25. Father Edward Schillebeeckx's words of wisdom as found in his books.
      27. The books of the following : Professors Gerd Ludemann, Marcus Borg, Paula Fredriksen, Elaine Pagels, Karen Armstrong and Bishop NT Wright.
      28. Father Raymond Brown's An Introduction to the New Testament, Doubleday, NY, 1977, 878 pages, with Nihil obstat and Imprimatur.
      29. Luke Timothy Johnson's book The Real Jesus

      October 6, 2013 at 7:29 am |
      • MennoKnight

        If you think that Jesus was only a myth then why is there so much evidence that he lived? See above.

        October 6, 2013 at 10:35 am |
        • John

          Just like evolution?

          October 6, 2013 at 11:01 am |
        • Rynomite

          Even if Jebus existed, it doesn't mean he was anything other than a man who was executed like a common slave.

          Using Josephus as a source always cracks me up when you consider he also wrote about how Heracles was a real person.

          October 6, 2013 at 1:44 pm |
        • realbuckyball

          The purpose of Josephus' book was to show Vespasian (the emperor who was paying him), was the messiah. The section which Christian monks added (dishonestly) to their copy of Josephus, is an obvious forgery. The oldest copy is in the museum in Milan. The verses in question are pathetically obviously a forgery. Different handwriting, and different ink. The text doesn't flow from the subject that's being discussed. It's junk "evidence".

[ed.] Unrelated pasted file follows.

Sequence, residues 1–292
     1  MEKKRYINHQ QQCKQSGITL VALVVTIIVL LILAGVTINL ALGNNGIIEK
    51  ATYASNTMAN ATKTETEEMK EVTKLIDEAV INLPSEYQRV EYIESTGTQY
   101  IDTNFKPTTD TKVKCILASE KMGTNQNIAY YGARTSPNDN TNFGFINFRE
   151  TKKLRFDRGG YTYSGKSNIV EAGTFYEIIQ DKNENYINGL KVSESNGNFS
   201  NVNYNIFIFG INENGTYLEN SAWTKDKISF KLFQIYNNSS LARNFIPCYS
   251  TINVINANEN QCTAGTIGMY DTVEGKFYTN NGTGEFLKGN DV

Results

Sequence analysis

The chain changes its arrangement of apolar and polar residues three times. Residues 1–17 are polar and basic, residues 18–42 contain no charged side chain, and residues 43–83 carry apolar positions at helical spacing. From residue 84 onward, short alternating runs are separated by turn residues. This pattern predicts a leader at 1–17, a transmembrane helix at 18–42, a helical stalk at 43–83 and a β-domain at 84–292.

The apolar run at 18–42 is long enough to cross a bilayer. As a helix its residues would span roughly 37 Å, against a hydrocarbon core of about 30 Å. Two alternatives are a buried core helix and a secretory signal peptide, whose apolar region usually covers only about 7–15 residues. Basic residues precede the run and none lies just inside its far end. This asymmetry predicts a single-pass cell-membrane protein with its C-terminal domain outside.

October 6, 2013 at 2:19 pm |
      • realbuckyball

        There is no evidence that Jebus ever existed, In fact (see Dr. Richard Carrier's videos on YouTube), are are good reason to think he didn't. There is no reason to accept the statements of "believers" as evidence. They lived in an age of magic, where miracle workers were a dime a dozen, the are self-admitted LIARS.
        http://www.thethinkingatheist.com/forum/Thread-Deception-in-the-early-church?page=2
        There were Jewish historians ON SITE, IN Jerusalem, who talked about far less important things, and NEVER ONCE mentioned the Jebus stuff. http://en.wikipedia.org/wiki/Philo
        Sorry. At least there is some evidence for the other messiahs.
        Simon of Perea, (birth announced by Gabriel, died, rose in 3 days,..sound familiar), and Simon bar Kochba.

        October 6, 2013 at 2:15 pm |
        • dmcal52